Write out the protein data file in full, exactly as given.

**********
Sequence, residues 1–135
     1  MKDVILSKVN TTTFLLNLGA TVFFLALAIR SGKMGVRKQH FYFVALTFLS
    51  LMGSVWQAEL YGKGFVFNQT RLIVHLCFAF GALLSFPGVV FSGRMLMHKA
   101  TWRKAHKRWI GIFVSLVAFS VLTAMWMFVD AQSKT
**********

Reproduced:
Sequence, residues 1–135
     1  MKDVILSKVN TTTFLLNLGA TVFFLALAIR SGKMGVRKQH FYFVALTFLS
    51  LMGSVWQAEL YGKGFVFNQT RLIVHLCFAF GALLSFPGVV FSGRMLMHKA
   101  TWRKAHKRWI GIFVSLVAFS VLTAMWMFVD AQSKT